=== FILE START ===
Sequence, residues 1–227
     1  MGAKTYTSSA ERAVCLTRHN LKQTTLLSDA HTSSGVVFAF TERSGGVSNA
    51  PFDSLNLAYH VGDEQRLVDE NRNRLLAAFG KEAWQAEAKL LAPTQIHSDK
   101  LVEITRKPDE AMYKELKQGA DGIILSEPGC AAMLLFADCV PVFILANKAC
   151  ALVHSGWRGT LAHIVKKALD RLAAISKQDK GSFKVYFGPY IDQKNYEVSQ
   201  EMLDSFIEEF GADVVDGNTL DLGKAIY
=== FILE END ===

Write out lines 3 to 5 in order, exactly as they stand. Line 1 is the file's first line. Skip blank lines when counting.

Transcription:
    51  PFDSLNLAYH VGDEQRLVDE NRNRLLAAFG KEAWQAEAKL LAPTQIHSDK
   101  LVEITRKPDE AMYKELKQGA DGIILSEPGC AAMLLFADCV PVFILANKAC
   151  ALVHSGWRGT LAHIVKKALD RLAAISKQDK GSFKVYFGPY IDQKNYEVSQ